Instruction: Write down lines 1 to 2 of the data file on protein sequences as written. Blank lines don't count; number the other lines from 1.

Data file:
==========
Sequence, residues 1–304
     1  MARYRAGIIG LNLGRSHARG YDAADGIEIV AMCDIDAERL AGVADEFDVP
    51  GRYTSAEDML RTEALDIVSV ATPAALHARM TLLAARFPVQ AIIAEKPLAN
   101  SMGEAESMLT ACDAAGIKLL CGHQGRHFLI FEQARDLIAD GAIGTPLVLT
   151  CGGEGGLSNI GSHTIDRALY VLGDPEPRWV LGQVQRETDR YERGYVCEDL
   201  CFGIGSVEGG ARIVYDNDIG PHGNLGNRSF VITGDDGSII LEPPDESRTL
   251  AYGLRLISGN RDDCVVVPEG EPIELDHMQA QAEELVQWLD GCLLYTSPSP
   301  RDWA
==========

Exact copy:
Sequence, residues 1–304
     1  MARYRAGIIG LNLGRSHARG YDAADGIEIV AMCDIDAERL AGVADEFDVP